As an attendee at A&E at the Conquest and as an outpatient, I write firstly to thank the A&E and staff generally for their excellent response and care when I had to attend at short notice last year.
But I write now with concern about the changes in the outpatient appointment booking and confirmation system.
This used to function well when one attended, as one booked in with one’s details at the relevant clinic where one was efficiently queued into the system and in most cases seen without undue delay. The change of no longer having clinic desks, means one now books in at the hospital main entrance desk, where they try to track the appointments for much of the hospital remotely.
This removes the link of the clinic secretary’s awareness of the conditions applying to the appointments, as well as the checks they made to overcome any misidentifications to ensure correct treatment. In some departments where outpatient and internal requests for tests are dealt with, the queuing system is malfunctioning without the previous on-site secretary’s oversight of the system.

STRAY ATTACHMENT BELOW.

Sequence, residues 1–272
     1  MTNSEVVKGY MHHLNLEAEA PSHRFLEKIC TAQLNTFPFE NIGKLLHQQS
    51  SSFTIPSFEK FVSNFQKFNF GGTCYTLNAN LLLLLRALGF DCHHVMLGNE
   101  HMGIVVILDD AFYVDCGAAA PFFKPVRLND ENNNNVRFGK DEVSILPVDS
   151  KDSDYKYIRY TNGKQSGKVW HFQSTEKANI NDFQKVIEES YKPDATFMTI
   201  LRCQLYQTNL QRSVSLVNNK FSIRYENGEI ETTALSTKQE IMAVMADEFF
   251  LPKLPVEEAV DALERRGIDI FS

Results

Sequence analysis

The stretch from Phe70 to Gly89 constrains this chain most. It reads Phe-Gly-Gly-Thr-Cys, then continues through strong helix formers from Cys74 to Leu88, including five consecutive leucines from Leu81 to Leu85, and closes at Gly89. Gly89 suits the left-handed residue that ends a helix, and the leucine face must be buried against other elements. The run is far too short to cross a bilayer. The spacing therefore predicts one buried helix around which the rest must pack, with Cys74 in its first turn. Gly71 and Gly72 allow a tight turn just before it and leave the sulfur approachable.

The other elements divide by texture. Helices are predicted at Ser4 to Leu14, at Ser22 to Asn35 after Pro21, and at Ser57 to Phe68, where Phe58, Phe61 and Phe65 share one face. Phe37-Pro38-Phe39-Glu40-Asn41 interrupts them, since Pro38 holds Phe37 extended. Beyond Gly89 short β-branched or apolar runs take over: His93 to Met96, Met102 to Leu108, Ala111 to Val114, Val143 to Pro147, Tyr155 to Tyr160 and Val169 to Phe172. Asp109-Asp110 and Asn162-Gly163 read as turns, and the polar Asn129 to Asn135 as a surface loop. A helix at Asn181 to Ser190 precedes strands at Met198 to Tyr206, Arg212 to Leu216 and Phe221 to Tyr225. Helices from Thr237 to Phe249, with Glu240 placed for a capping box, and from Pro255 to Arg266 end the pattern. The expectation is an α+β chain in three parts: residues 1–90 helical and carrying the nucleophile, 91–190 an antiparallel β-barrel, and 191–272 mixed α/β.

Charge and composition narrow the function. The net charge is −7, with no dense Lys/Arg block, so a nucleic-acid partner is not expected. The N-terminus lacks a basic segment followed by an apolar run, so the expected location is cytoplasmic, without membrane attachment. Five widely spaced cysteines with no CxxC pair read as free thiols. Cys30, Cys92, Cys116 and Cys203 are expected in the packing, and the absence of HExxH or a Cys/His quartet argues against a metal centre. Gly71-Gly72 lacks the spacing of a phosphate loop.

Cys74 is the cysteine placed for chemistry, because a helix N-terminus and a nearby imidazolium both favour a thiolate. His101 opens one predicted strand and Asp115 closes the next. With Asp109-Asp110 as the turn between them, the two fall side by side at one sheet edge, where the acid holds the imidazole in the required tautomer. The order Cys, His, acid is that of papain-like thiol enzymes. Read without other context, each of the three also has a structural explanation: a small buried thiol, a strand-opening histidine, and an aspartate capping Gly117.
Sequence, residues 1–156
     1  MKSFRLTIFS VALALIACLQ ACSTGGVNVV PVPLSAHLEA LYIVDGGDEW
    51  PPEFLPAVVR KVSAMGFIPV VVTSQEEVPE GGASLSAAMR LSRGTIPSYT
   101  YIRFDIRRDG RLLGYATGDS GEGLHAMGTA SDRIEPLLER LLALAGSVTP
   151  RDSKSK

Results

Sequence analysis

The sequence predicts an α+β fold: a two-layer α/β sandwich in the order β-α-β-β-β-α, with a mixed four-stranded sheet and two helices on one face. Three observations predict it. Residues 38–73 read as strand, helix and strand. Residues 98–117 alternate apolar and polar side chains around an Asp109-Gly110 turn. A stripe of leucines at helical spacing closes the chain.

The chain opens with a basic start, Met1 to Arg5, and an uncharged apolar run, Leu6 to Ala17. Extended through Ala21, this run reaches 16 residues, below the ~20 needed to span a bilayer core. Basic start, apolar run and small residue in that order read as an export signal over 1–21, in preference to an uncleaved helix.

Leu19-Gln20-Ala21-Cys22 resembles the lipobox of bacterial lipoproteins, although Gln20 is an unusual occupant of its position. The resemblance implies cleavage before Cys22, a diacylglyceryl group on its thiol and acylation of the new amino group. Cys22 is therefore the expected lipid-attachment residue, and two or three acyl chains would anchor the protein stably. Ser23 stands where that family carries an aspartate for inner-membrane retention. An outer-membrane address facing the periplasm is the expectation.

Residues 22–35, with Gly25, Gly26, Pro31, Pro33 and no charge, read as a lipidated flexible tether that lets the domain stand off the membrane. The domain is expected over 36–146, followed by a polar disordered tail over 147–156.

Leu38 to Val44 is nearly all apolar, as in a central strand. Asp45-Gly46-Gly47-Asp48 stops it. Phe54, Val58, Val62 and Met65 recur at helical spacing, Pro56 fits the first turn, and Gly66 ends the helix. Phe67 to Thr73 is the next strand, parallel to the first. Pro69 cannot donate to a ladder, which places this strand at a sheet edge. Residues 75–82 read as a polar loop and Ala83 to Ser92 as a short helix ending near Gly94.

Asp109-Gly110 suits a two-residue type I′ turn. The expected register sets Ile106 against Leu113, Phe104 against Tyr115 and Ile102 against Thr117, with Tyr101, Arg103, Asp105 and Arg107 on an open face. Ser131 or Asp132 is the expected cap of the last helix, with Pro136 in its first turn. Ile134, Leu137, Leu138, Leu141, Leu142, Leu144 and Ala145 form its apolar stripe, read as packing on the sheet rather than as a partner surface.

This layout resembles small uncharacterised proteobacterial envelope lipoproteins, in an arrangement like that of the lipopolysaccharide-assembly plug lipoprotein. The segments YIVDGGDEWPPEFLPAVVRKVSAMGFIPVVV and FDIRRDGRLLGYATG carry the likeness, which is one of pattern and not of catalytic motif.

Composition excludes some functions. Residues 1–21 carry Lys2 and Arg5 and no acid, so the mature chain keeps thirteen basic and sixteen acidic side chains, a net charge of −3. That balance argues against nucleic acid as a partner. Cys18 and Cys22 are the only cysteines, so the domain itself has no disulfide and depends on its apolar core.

Whereas these changes have no doubt made savings in operating costs, they have introduced some inefficiencies and even risks from the patients’ viewpoint which the health service was originally set up to serve. From the wider view where is the balance in the way we are now ordering the running of our society?
This discussion now arises from the complaints about non-payment of appropriate taxes by individuals and companies who can in reality afford to pay, and which are presently being investigated by MPs. This has relevance especially as such companies benefit directly from an effective health and other public infrastructure systems for maintaining their own efficiency in their commercial operations and this should be reflected in their responsible compliance with taxation.
Their present view appears that they want the benefits of operating in a modern democracy, but are indicating they don’t want to support it. As they are the leaders in our society they should be setting an example in public responsibility, not showing how to avoid it. What sort of example are they setting for our young people as they consider their coming roles in our society?
Michael J R Wade
Watts Palace Cottage